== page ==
Tal J. Lifshitz is a partner in Kozyak Tropin & Throckmorton’s complex litigation department and co-chair of the firm’s cryptocurrency, digital asset, and blockchain group.
An experienced litigator and former federal judicial law clerk with federal jury trial experience, Tal is part of a team that handles “bet the company” cases and class actions. He has a decade of experience representing a wide range of sophisticated corporate and individual clients, including investors in high-stakes business and crypto disputes, investment and securities frauds, and Ponzi scheme litigation.
Since 2019 Tal has been recognized as a Super Lawyers Rising Star in the area of Class Actions/Mass Torts, and been invited to serve as a Faculty Member for the National Institute for Trial Advocacy (NITA), teaching multi-day trial and deposition technique programs using NITA’s hands-on, “learn-by-doing” method.
Tal is also on the Executive Board for the South Florida Chapter of the Federal Bar Association, and will assume the role of President of the organization in 2022. He also serves as Co-Chair of the FBA Diversity, Equality, and Inclusion Committee, as well as the Social Media Committee, and serves on the FBA National Younger Lawyers in Court Task Force.
Tal speaks and writes regularly on trial practice, class actions, and the intersection of law and technology including FinTech, blockchain, and digital currency. He is active on social media and can be followed on LinkedIn and Twitter for litigation skills and tips, thoughts on law and technology, and more.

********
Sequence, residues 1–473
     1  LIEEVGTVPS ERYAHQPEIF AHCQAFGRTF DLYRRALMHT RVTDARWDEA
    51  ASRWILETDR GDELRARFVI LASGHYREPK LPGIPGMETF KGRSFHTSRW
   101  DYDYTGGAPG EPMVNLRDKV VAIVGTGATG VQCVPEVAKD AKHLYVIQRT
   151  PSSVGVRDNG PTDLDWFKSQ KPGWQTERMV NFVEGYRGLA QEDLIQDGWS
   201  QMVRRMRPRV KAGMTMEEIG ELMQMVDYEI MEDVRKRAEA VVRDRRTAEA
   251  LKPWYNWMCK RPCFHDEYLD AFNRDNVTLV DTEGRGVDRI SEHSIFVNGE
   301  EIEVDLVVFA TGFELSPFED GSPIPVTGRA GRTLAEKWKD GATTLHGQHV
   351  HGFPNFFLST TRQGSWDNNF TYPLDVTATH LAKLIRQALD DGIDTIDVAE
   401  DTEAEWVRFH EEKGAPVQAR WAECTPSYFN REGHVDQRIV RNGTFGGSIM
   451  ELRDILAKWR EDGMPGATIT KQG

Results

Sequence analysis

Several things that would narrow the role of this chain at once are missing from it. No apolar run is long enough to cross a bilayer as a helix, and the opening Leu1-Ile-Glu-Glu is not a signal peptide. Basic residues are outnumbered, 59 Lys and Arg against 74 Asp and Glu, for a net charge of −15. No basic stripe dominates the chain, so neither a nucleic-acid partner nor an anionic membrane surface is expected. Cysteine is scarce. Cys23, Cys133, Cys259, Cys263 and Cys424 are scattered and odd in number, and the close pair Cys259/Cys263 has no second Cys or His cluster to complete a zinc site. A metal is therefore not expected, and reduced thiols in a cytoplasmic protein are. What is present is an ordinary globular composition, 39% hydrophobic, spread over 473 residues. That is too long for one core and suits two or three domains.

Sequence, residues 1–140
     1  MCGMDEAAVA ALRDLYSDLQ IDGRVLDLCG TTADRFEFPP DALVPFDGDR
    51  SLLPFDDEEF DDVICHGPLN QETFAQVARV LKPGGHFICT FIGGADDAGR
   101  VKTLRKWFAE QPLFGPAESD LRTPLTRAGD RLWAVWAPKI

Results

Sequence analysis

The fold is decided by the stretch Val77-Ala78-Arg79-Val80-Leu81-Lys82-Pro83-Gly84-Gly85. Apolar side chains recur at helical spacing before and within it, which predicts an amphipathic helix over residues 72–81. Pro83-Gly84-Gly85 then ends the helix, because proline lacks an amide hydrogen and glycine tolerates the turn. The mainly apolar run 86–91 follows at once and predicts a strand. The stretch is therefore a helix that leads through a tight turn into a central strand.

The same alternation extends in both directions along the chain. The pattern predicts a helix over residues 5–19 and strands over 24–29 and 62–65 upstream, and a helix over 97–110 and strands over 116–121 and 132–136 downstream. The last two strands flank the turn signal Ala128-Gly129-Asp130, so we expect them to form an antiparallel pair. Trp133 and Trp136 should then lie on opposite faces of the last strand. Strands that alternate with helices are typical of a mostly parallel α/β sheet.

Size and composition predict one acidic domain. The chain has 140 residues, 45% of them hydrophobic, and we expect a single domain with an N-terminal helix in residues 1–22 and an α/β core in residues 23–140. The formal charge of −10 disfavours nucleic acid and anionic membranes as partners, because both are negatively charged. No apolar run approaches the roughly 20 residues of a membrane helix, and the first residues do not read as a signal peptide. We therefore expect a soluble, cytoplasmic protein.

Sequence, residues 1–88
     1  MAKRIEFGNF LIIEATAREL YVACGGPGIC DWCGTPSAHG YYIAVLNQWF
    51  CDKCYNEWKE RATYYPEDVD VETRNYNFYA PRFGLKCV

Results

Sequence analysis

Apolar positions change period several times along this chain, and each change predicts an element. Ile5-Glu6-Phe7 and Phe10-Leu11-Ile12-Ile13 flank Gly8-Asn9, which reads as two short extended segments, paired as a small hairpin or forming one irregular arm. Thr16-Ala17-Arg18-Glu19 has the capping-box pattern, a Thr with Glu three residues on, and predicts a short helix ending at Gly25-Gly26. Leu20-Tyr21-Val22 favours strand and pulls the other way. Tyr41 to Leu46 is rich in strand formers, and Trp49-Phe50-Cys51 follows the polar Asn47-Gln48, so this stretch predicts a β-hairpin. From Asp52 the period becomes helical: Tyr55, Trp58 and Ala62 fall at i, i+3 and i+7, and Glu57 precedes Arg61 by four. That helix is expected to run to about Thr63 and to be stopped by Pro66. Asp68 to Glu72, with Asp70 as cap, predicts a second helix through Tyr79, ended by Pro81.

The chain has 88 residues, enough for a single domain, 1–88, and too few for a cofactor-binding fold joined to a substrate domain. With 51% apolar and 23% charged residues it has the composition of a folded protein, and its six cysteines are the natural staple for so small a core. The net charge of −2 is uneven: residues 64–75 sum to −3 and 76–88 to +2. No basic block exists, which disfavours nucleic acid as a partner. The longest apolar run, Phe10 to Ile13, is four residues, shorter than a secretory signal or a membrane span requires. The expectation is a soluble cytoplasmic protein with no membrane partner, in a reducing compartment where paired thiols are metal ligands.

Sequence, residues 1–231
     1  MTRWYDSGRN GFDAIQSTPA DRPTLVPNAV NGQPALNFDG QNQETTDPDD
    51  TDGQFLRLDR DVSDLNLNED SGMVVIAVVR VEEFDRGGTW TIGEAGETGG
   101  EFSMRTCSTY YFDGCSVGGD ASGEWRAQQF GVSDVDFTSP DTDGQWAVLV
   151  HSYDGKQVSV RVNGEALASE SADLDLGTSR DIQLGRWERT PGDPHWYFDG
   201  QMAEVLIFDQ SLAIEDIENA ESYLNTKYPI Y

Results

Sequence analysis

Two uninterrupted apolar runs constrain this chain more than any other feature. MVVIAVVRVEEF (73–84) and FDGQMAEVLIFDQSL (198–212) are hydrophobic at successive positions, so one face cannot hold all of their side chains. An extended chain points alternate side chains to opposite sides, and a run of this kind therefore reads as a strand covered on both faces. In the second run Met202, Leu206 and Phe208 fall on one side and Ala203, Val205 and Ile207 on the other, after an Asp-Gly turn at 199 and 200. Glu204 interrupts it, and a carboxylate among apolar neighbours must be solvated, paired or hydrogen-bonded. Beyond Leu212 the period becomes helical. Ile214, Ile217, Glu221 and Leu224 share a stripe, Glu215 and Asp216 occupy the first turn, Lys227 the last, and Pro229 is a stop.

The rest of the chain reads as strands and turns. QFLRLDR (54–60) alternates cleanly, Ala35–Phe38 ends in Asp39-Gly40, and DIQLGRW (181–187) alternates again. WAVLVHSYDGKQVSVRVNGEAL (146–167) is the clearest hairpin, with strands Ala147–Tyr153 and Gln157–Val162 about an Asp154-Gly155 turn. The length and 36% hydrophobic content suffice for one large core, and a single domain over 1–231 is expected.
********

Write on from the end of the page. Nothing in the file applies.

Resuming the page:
Tal received his B.A., magna cum laude, from the University of Central Florida, where he majored in Legal Studies.
He earned his Juris Doctor, summa cum laude, from the University of Miami School of Law. While in law school, he was a member of the Charles C. Papy Jr. Moot Court Board and served as the Eleventh Circuit Editor of the University of Miami Law Review. He also was a four-time Dean’s Fellow, working with students in property and criminal procedure courses, as well as with the writing center.
During law school, Tal received the Soia Mentschikoff Award for Excellence in Scholarly Writing for his publication, “Arguable Probable Cause”: An Unwarranted Approach to Qualified Immunity, 65 U. Miami. L. Rev. 1159 (2011).
After law school, Tal served as a judicial law clerk to the Honorable Kenneth A. Marra, Southern District of Florida, from September 2012 to September 2013.
I’m driven by the challenge of constantly striving for greatness. There are many good lawyers. There are few great ones. That’s why I teach advocacy and mentor younger lawyers. It keeps me sharp, and forces me to think critically about my own techniques and litigation strategies. Being a part of the FBA gives me the same benefits. I’m surrounded by greatness – the elite lawyers and judges of our community. That’s where I want to be.
What's trending with Tal
One of the features of blockchain technology that cryptocurrencies rest upon is so-called smart contracts. These are programs built into transactions that can control or enforce the terms of a transaction.